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A clear night sky with stars, seen in Japan in 2014
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Studying the stars is, quite literally, as lofty as a profession can get. But for the women who worked at Harvard’s Observatory in the late 19th century, the job was often a series of lowly tasks. Known as “Pickering’s women,” after the observatory’s director Edward Pickering, they were assigned to compile and classify stars, a task which required technical expertise, but held no prestige and little opportunity for original thought.

Among the group, one woman shone brightly: Antonia Caetana de Paiva Pereira Maury, who was born exactly 150 years ago, on Mar. 21, 1866 in Cold Spring, N. Y. She was not the most famous of the group, but the authors of a book on history of the Harvard College Observatory called her “the most original as well as the most elusive personality among the women astronomers at Harvard.”

Named for her maternal grandmother, who had been daughter of the court physician of John VI of Portugal, Maury—who died in 1952—came from an accomplished, scientific family. She graduated from Vassar in 1887 with honors in physics, astronomy and philosophy and the following year her father asked Pickering to give her a job. The pay was about 25 cents an hour, low even for the time. Nor did she always get the credit she deserved: In 1890, when Pickering discussed one of her personal discoveries in a meeting of the National Academy of Sciences, he said only that “a careful study of the results has been made by Miss. A. C. Maury, a niece of Dr. Draper,” before he continued presenting the results which were published under his name.

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At the observatory, Maury was given the task of classifying northern stars using spectroscopy. The idea is this: Putting a series of prisms in front of a telescope diffracts light from the star, splitting it into a spectrum that shows which light the star absorbs and which it bounces back. From that light can be read information about the star’s temperature, chemical composition and luminosity. She created a system of star classification based on temperature, with divisions to describe the variation in width and definition of the spectral lines. Although she argued that the sharply defined spectral lines of a star “represented a fundamental property of the stars,” Pickering and the other women instead adopted a simpler sorting system invented by one of Maury’s colleagues, Annie Jump Cannon, who received widespread recognition for the work.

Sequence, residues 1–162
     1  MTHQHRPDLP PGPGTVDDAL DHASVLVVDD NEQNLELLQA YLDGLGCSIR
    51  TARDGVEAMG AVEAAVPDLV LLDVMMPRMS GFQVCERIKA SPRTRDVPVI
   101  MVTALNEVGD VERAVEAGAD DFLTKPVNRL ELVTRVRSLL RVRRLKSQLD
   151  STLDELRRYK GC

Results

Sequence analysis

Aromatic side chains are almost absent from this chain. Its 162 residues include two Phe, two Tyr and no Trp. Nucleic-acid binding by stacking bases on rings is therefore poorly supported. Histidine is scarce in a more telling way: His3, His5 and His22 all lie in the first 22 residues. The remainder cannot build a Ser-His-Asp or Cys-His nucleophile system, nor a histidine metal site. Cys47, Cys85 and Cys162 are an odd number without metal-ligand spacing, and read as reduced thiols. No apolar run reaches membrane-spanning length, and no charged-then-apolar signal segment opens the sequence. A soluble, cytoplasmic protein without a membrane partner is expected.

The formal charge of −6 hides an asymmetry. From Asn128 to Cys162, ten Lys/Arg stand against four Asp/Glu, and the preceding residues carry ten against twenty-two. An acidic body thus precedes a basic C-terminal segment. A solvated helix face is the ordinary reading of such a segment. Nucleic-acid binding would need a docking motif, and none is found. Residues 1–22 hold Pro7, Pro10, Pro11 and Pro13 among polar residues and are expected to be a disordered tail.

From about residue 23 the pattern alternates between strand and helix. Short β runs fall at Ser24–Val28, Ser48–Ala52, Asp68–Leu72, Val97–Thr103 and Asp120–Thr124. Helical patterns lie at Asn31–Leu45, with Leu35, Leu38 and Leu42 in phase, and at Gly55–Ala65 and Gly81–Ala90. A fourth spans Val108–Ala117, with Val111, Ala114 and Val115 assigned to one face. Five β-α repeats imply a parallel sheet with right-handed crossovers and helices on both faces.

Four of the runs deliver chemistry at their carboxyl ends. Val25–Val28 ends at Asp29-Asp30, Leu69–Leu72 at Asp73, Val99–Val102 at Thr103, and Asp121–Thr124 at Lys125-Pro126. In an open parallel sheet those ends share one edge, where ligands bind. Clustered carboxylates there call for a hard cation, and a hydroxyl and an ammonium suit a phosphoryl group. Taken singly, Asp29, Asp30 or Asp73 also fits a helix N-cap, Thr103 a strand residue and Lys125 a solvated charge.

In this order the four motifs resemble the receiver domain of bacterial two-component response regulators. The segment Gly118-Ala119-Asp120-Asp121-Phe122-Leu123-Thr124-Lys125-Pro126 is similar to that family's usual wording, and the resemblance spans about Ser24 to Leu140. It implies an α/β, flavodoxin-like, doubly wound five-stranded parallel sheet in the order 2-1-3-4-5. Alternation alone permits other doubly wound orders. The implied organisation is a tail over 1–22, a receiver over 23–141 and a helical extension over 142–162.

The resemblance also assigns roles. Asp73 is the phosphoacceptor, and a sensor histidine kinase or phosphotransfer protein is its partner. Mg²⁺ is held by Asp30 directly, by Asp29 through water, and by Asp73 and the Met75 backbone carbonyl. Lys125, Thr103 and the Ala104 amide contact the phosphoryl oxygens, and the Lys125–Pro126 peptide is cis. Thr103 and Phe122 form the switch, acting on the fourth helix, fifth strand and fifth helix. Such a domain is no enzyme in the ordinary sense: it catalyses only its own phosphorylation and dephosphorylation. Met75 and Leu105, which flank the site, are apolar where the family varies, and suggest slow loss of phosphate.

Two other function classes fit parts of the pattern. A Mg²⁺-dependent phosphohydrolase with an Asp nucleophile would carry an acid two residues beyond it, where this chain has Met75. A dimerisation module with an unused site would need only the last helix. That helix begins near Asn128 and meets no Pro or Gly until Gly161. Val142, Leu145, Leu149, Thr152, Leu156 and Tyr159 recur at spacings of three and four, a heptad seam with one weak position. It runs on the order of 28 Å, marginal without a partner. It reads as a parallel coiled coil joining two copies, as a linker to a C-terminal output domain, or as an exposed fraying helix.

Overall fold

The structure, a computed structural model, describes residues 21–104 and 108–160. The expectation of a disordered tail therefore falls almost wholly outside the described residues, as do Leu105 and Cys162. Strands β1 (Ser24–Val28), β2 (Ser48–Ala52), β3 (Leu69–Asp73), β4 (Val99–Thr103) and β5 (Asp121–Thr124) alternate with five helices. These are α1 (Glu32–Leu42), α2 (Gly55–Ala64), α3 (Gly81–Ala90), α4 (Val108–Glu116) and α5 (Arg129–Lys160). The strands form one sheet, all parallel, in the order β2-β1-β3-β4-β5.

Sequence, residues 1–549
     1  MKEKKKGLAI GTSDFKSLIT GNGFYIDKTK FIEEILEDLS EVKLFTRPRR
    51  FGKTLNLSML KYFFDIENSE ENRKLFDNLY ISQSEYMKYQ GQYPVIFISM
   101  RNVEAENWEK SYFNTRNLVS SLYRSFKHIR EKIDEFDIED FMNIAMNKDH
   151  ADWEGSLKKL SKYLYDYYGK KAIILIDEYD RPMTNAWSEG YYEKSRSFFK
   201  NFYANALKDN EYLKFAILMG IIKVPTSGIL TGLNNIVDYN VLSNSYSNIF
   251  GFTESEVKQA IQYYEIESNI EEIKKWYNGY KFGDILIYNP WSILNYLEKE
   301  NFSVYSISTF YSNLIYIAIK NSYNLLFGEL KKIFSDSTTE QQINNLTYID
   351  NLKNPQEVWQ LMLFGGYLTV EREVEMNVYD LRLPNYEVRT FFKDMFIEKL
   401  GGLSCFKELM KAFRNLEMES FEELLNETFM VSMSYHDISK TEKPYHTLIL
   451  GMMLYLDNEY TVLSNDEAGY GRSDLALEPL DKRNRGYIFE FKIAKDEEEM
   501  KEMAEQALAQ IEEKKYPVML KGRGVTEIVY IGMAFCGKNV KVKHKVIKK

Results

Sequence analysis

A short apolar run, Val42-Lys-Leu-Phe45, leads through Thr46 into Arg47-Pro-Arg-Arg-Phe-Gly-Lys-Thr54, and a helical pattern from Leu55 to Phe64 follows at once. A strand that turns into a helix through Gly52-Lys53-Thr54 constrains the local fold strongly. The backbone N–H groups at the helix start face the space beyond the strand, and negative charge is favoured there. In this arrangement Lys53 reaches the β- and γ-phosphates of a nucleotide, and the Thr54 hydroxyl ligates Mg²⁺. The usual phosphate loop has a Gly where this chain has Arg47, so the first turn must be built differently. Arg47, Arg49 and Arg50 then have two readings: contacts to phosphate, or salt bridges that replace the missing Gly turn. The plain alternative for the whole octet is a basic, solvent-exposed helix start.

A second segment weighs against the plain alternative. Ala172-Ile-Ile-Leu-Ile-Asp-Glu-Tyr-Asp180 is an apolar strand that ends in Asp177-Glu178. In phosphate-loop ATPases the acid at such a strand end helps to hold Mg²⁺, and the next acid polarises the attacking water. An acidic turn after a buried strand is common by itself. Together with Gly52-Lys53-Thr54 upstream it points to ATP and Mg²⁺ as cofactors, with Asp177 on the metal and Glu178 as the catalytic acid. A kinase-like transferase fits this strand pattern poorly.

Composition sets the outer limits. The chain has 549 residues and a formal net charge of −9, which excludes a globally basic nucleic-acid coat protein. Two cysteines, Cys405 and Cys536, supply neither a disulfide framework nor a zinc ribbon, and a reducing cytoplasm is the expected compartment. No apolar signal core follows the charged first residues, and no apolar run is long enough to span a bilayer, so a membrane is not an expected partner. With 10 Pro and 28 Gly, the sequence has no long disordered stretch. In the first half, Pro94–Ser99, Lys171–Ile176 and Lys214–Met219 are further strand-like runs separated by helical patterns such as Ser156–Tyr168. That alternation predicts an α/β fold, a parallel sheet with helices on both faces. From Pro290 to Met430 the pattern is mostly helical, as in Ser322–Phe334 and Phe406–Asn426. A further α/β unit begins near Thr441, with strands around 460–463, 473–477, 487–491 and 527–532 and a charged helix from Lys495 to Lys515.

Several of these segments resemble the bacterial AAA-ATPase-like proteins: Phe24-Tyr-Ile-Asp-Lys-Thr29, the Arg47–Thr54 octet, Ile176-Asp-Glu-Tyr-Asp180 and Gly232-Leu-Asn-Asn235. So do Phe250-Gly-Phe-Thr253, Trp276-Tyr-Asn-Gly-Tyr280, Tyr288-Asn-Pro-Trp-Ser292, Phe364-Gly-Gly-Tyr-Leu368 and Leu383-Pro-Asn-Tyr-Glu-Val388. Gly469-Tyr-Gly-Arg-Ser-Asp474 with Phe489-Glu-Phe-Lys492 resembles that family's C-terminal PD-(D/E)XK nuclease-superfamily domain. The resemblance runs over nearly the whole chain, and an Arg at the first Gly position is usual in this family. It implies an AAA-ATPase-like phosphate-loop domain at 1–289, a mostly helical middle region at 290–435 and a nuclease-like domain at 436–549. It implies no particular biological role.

Dorrit Hoffleit, an astronomer and historian who knew Maury at Harvard during the 1930s, has said that Maury suffered at the observatory for her independence. “All of the other women who achieved greatness at Harvard were doing what Pickering wanted them to,” Hoffleit recalled. “It was only Miss Maury who was the independent renegade, and she couldn’t have been that if she hadn’t had an important family background, either.”

“[She] had two strikes on her: the biggest one was, she was a woman. A woman had no chance at anything in astronomy except at Harvard in the 1880s and 1890s. And even there, things were rough,” echoed William Morgan, an astronomer known for discovering the Milky Way’s spiral shape. “It now turns out that her director, E.C. Pickering, did not like the way she classified; she then refused to change to suit him.”

Frustrated by Pickering’s preference for Cannon’s system of classification, Maury left her position at the observatory in 1891. She returned from 1893-1894 to continue her work. In 1897, having examined 4,800 photographs, she published her findings on 681 bright northern stars in the Annals of the Harvard College Observatory. It was the first Harvard observatory publication credited to a woman, which she had insisted on, writing to Pickering, “I worked out the theory at the cost of much thought and elaborate comparison and I think that I should have full credit for my theory of the relations of the star spectra.”

And it turned out that her theory was an important one.

A Danish astronomer, Ejnar Hertzsprung, soon found that there was a difference between very bright red stars (giants) and very faint ones (dwarves)—and only Maury’s classification scheme, with its three divisions, captured the distinction. In a letter to Pickering in 1908, Hertzsprung wrote that neglecting the properties she had always claimed mattered was “nearly the same thing as if the zoologist, who has detected the deciding differences between a whale and a fish, would continue classifying them together.”

By 1922 the International Astronomical Union agreed, incorporating her work into its classification system, which had been based off Cannon’s. The 1978 Revised MK Spectral Atlas for Stars Earlier Than the Sun was dedicated to “Antonia C. Maury, Master Morphologist of Stellar Spectra.” Morgan, one of its authors and a great admirer of Maury, described her 1897 work as “the most remarkable phenomenological investigation in modern astronomy.”

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